The residence’s Butler’s Pantry was transformed into a China Pantry, a space to store and celebrate one’s favorite dishes, glassware, and linens. Inside, the custom vintage aqua Wood-Mode cabinetry is paired with Farrow and Ball’s "Ranelagh" wallpaper on the ceiling. As an added touch, there is also an antiqued, mirrored chandelier from Circa.
Nadia N. Subaran and Megan M. Padilla said that they didn’t want to create a space that could appeal to everyone; instead, this space truly is for china lovers. "It’s about designing for your needs," said Subaran.
Lena Kroupnik created what might be the most moody, most dramatic powder room in the entire home. Originally, the space was pretty drab, but now it offers an eccentric animal print wallpaper by Farrow and Ball and dramatic "Russian Sconces" from Niermann Weeks. Inside, there are also paintings by Nurieh Mozaffari and Maryanne Pollock.
Other gems include a crystal faucet, custom soft rug by Carpet Creations, and small octagonal marble table.
A Cozy, Coral Family Room
Let’s address the massive, coral elephant in the room: the custom "Abstract Leaf" wallpaper is by Schumacher, installed in order to mimi the leafy greenery right outside the doors with its grass-like texture.
The room, designed by Kelley Proxmire, was inspired by Schumacher’s chinoiserie toile design and brought together with bright blues and vibrant corals. The fabric on the wing chair and the pillows are Schumacher’s "Plaisirs De La Chine," while the draperies are in a Clarence House fabric.
According to Proxmire, "I wanted to mix the good with the not so good." In order to do this, she topped $140 tables from Wayfair with approximately $1,500 lamps from Vaughn. While it looks new, the blue ultrasuede sofa is also seven years old.
"We’re a big dog family," said Proxmire, who added a custom dog bed to the room. The dog is from Walmart.
Kimberly Asner of Country Casual Teak wanted the terrace to have as much seating space as possible. Inspired by the function of the room, she filled it only with Country Casual Teak furniture as well as a casino bar cart with stainless steel fittings and two removable trays. Approximately eight people can fit in the space.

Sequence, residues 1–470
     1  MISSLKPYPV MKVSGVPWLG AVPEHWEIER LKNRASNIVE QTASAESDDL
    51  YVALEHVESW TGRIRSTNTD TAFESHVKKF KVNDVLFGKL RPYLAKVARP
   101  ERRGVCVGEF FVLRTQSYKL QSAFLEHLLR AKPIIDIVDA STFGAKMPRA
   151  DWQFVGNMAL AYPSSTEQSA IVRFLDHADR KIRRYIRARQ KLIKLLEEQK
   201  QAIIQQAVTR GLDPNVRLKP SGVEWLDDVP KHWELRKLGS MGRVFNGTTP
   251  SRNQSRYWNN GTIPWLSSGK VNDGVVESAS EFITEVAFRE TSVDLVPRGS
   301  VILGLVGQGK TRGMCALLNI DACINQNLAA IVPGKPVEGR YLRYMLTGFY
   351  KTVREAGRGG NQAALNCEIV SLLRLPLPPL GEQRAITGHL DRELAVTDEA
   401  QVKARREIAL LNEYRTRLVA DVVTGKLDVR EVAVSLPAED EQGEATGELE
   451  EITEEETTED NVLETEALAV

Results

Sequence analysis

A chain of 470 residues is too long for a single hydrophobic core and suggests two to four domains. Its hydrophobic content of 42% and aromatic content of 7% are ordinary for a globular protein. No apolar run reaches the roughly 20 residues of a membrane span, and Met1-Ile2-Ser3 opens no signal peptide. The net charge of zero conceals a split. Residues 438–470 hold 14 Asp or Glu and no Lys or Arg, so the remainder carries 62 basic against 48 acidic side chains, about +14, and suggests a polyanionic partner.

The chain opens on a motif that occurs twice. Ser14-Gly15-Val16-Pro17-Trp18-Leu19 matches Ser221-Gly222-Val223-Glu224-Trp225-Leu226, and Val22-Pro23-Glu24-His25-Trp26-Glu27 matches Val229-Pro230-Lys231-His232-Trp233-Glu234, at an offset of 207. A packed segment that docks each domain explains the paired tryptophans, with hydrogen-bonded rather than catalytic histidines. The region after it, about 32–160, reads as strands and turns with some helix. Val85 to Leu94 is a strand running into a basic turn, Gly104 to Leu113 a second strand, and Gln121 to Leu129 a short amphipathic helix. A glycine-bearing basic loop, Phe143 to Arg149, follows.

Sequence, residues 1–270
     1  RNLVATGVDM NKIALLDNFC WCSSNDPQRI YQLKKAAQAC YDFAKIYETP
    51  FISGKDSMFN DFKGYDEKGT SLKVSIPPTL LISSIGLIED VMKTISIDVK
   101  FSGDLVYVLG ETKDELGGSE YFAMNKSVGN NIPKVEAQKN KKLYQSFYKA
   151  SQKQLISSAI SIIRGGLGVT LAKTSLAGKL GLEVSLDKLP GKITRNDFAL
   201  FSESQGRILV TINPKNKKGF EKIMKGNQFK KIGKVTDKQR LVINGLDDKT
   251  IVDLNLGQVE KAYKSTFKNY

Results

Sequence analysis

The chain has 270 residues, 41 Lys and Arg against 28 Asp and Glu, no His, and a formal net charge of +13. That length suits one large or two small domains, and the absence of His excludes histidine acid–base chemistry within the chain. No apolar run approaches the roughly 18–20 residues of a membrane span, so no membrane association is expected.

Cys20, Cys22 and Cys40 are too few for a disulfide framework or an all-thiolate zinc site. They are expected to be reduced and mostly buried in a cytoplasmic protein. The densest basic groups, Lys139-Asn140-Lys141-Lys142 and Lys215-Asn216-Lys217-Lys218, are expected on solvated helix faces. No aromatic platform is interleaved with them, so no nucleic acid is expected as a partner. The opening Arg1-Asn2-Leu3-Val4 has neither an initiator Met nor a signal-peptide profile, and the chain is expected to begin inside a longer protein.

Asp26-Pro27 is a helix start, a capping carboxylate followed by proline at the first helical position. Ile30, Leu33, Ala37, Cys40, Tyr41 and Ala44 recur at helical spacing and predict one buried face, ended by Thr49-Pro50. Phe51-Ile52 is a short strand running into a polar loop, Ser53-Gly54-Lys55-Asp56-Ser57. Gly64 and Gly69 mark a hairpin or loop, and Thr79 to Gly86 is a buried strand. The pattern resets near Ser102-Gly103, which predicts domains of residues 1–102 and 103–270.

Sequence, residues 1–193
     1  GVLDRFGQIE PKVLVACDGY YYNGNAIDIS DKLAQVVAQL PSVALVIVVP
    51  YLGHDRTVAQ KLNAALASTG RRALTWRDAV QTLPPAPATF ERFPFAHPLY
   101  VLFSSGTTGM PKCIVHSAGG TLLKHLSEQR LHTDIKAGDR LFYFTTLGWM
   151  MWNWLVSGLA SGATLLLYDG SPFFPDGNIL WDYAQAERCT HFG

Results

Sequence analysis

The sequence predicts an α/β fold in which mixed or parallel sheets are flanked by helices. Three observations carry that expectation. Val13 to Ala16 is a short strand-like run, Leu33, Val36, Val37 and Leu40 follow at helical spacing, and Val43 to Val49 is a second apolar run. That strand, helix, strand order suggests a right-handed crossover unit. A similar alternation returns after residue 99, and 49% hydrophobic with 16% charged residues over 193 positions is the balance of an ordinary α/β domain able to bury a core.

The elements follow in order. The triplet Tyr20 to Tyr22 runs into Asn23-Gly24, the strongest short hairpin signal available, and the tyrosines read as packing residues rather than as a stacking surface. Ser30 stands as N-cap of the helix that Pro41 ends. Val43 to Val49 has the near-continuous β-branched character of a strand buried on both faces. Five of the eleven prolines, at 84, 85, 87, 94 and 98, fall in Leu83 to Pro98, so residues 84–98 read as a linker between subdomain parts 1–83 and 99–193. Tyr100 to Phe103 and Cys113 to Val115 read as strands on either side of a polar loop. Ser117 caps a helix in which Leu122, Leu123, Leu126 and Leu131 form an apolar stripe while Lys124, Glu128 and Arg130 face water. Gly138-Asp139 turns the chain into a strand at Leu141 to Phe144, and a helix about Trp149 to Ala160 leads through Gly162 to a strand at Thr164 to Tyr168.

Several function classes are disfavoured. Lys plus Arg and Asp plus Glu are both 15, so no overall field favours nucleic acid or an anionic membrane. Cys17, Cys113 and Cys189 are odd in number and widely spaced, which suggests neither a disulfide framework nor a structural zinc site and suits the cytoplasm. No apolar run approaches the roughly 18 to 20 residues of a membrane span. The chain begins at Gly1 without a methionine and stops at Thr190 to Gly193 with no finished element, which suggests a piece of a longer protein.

The Library and Whiskey Bar
As the haven of the home, the wood-paneled library is sophisticated and dark with a cedar-toned jute wallcovering, celadon ceilings, and a Baltimore-artisan chandelier.
One of the biggest wow factors of the room is its circa-1760, French verdure tapestry hung on the wall, concealing a garage-door-like feature. Other artworks feature artists like Tucker Nichols and Francis Denney.
The real show stopper, though, is the "secret whiskey bar," hidden behind a closet.
Josh Hildreth and Victor Sanz, the designers of the room, said that it used to look something like a Bank of America board room before it was renovated. Now, it offers little surprises like seventeenth century Italian paintings, horns, rabbit statues, and a vintage French roulette.
When it came to the structure of the living room, Pamela Harvey had a lot to work with. According to her, the room has "great bones" due to how symmetrical and long it is as well as how it includes design highlights like crown molding.
To contrast the white walls, sofa, and carpeting in the room, Harvey added a black desk, baby grand piano, statues, and draperies. In order to freshen up the space, she also added "fresh green" elements, found in the stools, pillows, and greenery.
The Mitchell Black butterfly sconces are made of acrylic with a linen backing. The photography (not pictured) inside is from Washington, D.C.-based artist Fritz Gibbon.